It should now be apparent that, the outcome of the project as commendable as it is will not be as significant as alluded to.  More than likely, the investment referred to will be funded by an external source and will have to be repaid.  So, Jamaica will not benefit from the full extent of the savings even after 20 years.  If this time is the project lifecycle, then further funds will be needed to replace the investment.  This should not serve to discourage such an exercise but should be an example of what can happen when we wait too long to implement necessary energy efficiency and conservation measures.  The government should benefit from some savings this financial year, let us hope the expectation will be realistic.  Let us hope that energy will be at the forefront of this administration’s strategic thinking during their budget presentation.  We expect specificity and announcement of specific initiatives relevant to goal of saving energy and creating a competitive economy: attainable plans based off realistic objectives.  That should be our realistic expectation.

 

I am, etc.

 

 

Paul Hay MBA, BA(Arch.)
Managing Partner
PAUL HAY Capital Projects

Caribbean Capital Projects Management



P. O. Box 3367
Constant Springs, Kgn. 8
Jamaica, W.I.

tel: 1 (876) 756-0631
cel: 1 (876) 324-4274
fax: 1 (876) 756-0631

e-mail: paul.hay@phcjam.com
skype name: phcjam
twitter:
www.twitter.com/phcjam
profile:
http://www.linkedin.com/company/paul-hay-capital-projects
web:
http://www.phcjam.com

 

 

 


Posted by phcjam at 12:05 PM EDT
Updated: Wednesday, 16 May 2012 10:04 AM EDT
Friday, 4 May 2012
Image that matters - Strategic Facility Planning for Small and Medium Sized Businesses
Topic: Facility Planning

Author:  Paul Hay - Managing Partner, PAUL HAY Capital Projects

 

While studying at the University of California, Berkeley, we as architecture undergrads would jokingly remark that "there's no place ‘worster' than Wurster".  We were referring to the building in which our school was located: which was called Wurster Hall.  This should not be inferred that the building was poorly designed.  On the contrary, I recall the lecturers expounding on its design and construction attributes.  We just did not like the image.  We did not like being trained in a building we considered the ugliest on campus.  It was bad for our image.  But, one lecturer explained that the building was specifically designed not to influence our creativity.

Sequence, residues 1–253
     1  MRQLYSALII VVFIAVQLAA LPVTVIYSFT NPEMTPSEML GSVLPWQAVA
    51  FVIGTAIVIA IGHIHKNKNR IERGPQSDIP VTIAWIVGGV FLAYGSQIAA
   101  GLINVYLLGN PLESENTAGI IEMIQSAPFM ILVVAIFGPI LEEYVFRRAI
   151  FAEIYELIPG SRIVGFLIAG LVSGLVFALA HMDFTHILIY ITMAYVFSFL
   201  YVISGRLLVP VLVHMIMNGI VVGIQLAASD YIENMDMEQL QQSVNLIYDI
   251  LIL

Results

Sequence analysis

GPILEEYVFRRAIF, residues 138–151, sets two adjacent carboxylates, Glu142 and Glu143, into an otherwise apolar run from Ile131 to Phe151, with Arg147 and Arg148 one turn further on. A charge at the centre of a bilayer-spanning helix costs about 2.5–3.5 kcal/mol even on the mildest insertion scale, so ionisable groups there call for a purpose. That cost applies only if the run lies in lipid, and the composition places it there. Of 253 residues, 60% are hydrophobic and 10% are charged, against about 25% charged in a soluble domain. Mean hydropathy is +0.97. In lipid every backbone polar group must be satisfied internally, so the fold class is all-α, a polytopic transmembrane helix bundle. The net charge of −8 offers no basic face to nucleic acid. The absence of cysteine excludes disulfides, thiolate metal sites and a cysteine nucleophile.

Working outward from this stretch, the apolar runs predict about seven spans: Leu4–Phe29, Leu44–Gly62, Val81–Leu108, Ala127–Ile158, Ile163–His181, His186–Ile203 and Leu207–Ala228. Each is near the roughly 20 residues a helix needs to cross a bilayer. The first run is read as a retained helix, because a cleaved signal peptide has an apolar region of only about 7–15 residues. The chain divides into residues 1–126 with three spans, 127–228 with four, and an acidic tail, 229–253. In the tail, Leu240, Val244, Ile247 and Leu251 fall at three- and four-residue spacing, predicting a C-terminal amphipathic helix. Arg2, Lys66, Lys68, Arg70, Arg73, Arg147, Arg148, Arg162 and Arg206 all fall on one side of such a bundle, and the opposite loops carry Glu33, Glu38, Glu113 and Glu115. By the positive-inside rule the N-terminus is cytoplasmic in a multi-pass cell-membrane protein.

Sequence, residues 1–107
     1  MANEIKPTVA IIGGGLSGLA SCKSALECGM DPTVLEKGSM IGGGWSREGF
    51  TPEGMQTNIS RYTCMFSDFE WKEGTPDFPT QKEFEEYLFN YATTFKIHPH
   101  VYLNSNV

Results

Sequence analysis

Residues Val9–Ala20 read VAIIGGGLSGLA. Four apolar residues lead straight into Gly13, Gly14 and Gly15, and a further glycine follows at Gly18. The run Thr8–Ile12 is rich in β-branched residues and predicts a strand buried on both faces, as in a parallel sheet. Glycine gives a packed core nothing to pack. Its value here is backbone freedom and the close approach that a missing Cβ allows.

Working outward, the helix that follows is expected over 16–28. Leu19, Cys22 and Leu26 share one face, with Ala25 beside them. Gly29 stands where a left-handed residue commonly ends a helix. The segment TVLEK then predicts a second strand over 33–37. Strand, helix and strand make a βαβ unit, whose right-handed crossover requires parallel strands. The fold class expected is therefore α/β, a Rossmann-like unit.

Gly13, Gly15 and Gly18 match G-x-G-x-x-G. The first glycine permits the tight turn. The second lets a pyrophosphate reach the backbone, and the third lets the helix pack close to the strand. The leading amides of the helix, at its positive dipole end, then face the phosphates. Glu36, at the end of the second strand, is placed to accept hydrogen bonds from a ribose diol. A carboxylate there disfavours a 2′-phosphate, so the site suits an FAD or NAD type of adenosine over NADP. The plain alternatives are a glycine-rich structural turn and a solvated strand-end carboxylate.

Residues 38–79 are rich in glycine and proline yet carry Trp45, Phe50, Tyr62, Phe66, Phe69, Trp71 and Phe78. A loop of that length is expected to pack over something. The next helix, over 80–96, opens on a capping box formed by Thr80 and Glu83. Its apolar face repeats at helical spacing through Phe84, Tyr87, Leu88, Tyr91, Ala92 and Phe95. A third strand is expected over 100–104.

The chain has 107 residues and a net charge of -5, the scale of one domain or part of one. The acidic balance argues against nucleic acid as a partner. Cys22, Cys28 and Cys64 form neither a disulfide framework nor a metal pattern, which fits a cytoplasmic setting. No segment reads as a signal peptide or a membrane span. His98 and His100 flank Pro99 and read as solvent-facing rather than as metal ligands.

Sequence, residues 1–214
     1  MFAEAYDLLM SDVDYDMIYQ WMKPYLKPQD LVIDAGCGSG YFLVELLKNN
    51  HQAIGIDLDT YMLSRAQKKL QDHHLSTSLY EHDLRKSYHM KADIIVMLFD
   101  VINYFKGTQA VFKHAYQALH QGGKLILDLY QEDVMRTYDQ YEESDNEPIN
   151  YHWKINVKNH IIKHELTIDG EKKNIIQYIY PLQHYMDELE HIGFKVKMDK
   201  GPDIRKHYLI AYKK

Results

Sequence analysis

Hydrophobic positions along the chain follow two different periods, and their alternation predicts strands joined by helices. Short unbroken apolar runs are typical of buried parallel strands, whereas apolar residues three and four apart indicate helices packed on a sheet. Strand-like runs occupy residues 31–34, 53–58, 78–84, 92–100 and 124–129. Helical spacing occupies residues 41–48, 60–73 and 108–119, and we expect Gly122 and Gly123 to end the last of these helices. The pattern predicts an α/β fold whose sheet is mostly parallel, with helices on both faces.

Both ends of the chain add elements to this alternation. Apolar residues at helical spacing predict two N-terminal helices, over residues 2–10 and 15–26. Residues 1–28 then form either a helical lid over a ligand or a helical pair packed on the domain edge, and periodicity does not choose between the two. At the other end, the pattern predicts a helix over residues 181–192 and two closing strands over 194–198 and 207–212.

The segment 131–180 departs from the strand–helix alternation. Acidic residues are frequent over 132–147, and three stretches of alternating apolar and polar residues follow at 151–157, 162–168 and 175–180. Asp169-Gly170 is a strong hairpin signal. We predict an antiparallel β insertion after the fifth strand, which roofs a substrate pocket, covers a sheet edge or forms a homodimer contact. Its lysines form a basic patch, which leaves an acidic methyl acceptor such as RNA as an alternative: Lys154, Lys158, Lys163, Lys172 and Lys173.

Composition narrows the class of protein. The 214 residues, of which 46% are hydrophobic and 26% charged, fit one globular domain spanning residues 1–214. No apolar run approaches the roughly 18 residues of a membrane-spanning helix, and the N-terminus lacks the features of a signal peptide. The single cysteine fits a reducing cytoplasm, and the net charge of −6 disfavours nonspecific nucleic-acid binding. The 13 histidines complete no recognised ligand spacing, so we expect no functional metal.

Recently, I came across an article in The Globe and Mail entitled "For Google, the Office is Key to Worker Success".  In the article, Canadian-born Google executive, David Radcliffe, was interviewed regarding his role of locating urban spaces that would become "hip headquarters and design them to spark creativity, play and collaboration".  He described this as "Googlïness" - creating environments that support culture, transparency and collaboration: facilities which allow staff to excel.  In other words, Google wants their building to stimulate creativity.

 

So, which of the two seemingly contrasting philosophies is correct?  It should be realized that the administration of the School of Environmental Design also wanted their staff and students to excel: they just did not want the building influencing their designs.  They did not want any aspect of the building's design reproduced or be held as the standard to which others would be judged.  This is understandable.  So, the appropriate image for any organization really depends on the objectives it seeks to achieve.

 

Strategic facility planning involves four steps: understanding the values and goals of an organization, analyzing its long-term objectives, planning for its long-term needs, and acting on the plans.  The mission, vision, firm culture, and possibly balanced scorecard, of an organization first need to be understood.  Organizations in creative industries, for example, prefer flexible organization structures, such as organic or matrix organization structures.  So, an institutional look and feel, as well as heavily enclosed office spaces would be inappropriate.  But, the needs of all stakeholders should be understood.  The need of architecture students to have a building they are proud of and one which impacts positively on their self-image is also important.  Our choice of motor vehicles is not only for their functionality but also intangibles, as prestige and ‘sex-appeal'.  Why should we expect any difference in our choice of buildings?